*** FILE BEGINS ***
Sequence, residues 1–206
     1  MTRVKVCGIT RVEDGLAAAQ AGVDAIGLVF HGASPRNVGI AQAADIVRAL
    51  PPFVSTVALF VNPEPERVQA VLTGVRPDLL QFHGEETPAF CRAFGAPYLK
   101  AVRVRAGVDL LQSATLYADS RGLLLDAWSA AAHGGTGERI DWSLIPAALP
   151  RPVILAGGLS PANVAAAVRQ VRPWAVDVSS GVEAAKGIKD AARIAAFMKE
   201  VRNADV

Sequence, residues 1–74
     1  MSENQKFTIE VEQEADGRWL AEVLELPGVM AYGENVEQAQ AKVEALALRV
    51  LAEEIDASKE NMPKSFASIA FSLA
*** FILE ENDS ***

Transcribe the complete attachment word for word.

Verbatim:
Sequence, residues 1–206
     1  MTRVKVCGIT RVEDGLAAAQ AGVDAIGLVF HGASPRNVGI AQAADIVRAL
    51  PPFVSTVALF VNPEPERVQA VLTGVRPDLL QFHGEETPAF CRAFGAPYLK
   101  AVRVRAGVDL LQSATLYADS RGLLLDAWSA AAHGGTGERI DWSLIPAALP
   151  RPVILAGGLS PANVAAAVRQ VRPWAVDVSS GVEAAKGIKD AARIAAFMKE
   201  VRNADV

Sequence, residues 1–74
     1  MSENQKFTIE VEQEADGRWL AEVLELPGVM AYGENVEQAQ AKVEALALRV
    51  LAEEIDASKE NMPKSFASIA FSLA